Vietnam War-era documentary studies protest in the military
Harper Barnes, St. Louis Post-Dispatch (found via Lexis Nexis)
The first time I remember seeing the now-familiar peace symbol was in the early 1960s. It was pasted onto the rear fender of a motorcycle ridden by a fellow American soldier. A friend of mine asked the soldier how a man in the U.S. military came to be displaying the symbol of the British anti-nuclear movement, and the soldier replied, "Life is full of contradictions."
That seeming contradiction is at the heart of "Sir! No Sir!", an impassioned and well-constructed documentary about the anti-war movement in the American military during the Vietnam era.
Filmmaker David Zeiger, who as a teenager helped run one of the dozens of anti-war coffeehouses that opened near U.S. bases in the 1960s, has unearthed excellent archival footage of the war in Vietnam as well as what has been described as the war at home.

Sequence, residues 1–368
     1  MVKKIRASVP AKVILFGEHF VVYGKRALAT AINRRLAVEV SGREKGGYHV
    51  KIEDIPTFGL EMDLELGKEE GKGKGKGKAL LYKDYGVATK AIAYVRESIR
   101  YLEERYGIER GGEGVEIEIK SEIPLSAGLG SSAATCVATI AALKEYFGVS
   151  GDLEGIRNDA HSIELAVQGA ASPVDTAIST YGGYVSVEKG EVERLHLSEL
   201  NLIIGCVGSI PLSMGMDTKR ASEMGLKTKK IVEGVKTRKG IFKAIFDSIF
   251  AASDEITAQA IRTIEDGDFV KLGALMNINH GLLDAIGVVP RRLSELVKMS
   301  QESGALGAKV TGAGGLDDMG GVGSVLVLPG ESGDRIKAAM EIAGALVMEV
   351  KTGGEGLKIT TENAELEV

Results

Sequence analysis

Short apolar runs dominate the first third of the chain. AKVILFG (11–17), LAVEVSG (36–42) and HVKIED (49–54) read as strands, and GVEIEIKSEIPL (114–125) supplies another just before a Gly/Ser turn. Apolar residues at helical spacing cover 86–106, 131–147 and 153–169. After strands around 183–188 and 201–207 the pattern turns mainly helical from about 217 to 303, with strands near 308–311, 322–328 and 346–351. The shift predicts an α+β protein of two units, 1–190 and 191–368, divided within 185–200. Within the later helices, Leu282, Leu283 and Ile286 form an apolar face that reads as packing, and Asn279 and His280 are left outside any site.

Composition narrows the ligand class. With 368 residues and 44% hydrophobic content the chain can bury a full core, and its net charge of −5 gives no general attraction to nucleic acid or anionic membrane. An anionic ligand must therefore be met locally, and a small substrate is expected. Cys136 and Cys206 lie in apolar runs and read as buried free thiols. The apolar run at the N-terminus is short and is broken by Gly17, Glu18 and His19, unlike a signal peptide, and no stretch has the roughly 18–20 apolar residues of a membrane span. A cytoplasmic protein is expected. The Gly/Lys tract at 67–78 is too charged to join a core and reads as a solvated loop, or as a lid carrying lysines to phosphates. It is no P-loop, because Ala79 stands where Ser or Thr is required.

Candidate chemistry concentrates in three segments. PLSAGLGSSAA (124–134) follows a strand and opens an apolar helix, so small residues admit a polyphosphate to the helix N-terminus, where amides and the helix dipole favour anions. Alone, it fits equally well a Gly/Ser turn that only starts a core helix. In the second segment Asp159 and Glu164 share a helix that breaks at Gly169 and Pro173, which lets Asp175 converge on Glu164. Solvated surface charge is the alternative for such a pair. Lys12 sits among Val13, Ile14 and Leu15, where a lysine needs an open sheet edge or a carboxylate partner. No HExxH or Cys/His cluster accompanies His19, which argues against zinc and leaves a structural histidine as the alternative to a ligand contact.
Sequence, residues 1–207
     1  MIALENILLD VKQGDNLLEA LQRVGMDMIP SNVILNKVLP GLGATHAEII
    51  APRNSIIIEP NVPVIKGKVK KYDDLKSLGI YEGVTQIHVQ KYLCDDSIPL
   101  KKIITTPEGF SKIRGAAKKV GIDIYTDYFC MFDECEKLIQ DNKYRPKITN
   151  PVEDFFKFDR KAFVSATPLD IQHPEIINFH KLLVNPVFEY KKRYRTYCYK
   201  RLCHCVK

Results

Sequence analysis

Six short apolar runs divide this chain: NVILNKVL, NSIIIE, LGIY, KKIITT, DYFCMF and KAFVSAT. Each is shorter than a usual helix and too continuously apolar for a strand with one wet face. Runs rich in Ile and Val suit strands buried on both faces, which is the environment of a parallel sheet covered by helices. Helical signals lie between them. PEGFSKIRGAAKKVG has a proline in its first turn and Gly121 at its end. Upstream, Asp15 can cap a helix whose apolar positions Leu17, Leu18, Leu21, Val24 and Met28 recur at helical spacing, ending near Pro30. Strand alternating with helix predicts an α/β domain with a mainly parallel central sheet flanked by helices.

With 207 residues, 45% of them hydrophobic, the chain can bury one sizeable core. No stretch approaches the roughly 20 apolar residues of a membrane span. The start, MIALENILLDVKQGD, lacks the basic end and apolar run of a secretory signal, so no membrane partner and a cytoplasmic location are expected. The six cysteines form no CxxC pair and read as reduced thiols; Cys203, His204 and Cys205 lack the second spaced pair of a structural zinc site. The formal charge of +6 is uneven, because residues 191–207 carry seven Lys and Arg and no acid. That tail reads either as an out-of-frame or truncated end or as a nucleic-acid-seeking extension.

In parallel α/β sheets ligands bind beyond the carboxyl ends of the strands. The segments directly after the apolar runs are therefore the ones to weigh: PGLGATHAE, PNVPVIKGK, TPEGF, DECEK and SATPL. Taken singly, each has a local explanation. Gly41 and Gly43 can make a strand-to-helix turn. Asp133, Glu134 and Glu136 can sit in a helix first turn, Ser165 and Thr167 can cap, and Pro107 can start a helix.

Some of the footage features much younger versions of the men (and one woman), now in late middle-age, whom he interviewed about their experiences, enlisted men and officers who, in some cases, served long prison sentences for opposing the war from within the military. Without exception, they still believe what they did was right and generally agree with Zieger's conclusion that widespread rebellion within the ranks was a powerful factor in forcing the United States to withdraw from Vietnam.
The movie comes, without apology, from an anti-war point of view and does not wrestle with the issue of how a nation can maintain a military without an obedient army. As a former soldier who later supported the anti-Vietnam War movement, I cannot pretend to be totally objective on the subject; I can only say that everything jibes with what happened as I remember it.
My only real complaint is that the film does not deal with the crucial fact that, because of the draft, the Army in the Vietnam era, particularly in the early years, was much more representative of the population as a whole than after the draft was abolished.
Screens at 8 p.m. Friday-Sunday in Moore Auditorium at Webster University.